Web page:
By Jade Bruce, Second year, Cellular and Molecular Medicine
The benefits of activities such as yoga, tai chi and quigong may have farther-reaching impacts than we think.
Today, it is well known that psychological stress can have a physical impact, triggering or aggravating conditions such as diabetes and high blood pressure. Yet, the idea that the mind plays a role in physical illness and healing is not new. Recognition of this ‘mind-body phenomenon’ dates back to Ancient Greek medicine which embraced the ‘healthy mind, healthy body’ concept. Modern research now suggests that mind-body practices like yoga and tai chi can reduce the risk of inflammatory disease.
Inflammation is a vital part of the body’s response to harm and is characterised by heat, pain, redness, swelling, and loss of function. Acute inflammation is short term and plays a crucial role in protecting our bodies from infection and healing wounds. Without inflammation we’d struggle to heal a cut or fight freshers’ flu when it inevitably hits. However, not all inflammation is protective. Chronic or abnormal inflammation can be harmful and has been linked to a range of diseases including cancer and Alzheimer’s disease.
Research suggests that stress can trigger inflammation. Persistent social and academic pressures mean students tend to be all too familiar with stress, but stress isn’t always an enemy; sometimes it can push us to work hard and prepare for challenges. It’s when stress becomes chronic or severe that it can negatively impact mental health and increase the risk of developing an inflammation-related disease. But how exactly do our bodies translate this stress into inflammation?
It’s all to do with a protein complex called NF-kB, which is key in controlling the expression of inflammatory genes. When we are stressed the sympathetic nervous system is stimulated to produce NF-kB, which then converts this stress into inflammation by ‘switching on’ genes that code for inflammatory molecules, called cytokines. It follows that stress-reducing activities, which lower the activity of NF-kB, may not only improve mental health but reduce the risk of inflammatory disease as well.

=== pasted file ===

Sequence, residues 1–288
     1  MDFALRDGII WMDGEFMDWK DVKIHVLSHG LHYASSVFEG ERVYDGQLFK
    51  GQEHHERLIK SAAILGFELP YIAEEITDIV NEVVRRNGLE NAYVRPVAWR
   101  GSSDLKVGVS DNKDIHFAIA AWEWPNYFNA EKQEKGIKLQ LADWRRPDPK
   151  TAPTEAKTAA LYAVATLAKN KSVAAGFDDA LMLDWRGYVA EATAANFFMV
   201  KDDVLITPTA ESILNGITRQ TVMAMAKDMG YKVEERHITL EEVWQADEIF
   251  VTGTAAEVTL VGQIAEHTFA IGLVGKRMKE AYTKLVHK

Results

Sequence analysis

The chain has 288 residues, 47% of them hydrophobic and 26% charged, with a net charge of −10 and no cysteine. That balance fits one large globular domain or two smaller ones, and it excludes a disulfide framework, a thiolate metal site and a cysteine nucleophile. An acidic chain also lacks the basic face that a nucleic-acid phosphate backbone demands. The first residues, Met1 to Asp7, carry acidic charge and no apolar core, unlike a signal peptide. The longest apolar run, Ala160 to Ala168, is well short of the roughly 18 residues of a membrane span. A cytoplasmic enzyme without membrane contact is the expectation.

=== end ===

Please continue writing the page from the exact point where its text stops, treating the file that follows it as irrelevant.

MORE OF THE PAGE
One study looked at the effect of mindfulness in breast cancer survivor patients. After practicing two hours of yoga a week for a total of six weeks, participants showed lower levels of NF-kB and other inflammatory molecules. They reported decreased stress, fatigue and depression. Other studies have shown that activities ranging from mindfulness to Qigong can alleviate the symptoms of a variety of inflammatory diseases including irritable bowel disease as well as reducing blood pressure.
Taoist Tai Chi Society Awareness day, Millenium square Bristol Uk Yesterday pic.twitter.com/sEfeGBJCVO— RtEnPassant (@RtEnPassant) August 28, 2016
The extent to which mind-body interventions reduce the risk of inflammatory-related diseases is uncertain, with some studies giving conflicting results. Indeed, it’s hard to tease apart the effect of activities like yoga from other important lifestyle interventions such as a balanced diet and exercise.
Scientists are continuing to explore the molecular changes which underpin the benefits of mind-body interventions and the role they have in inflammation. Nonetheless, studies have shown a clear overall pattern that mind-body therapies may reduce the risk of inflammatory disease. So, whether you feel the urge to take up Tai Chi or just want to dust off that yoga mat, it may well be worth it!
Featured image: Epigram / Vilhelmiina Haavisto
Do you practice mind-body activities? Let us know!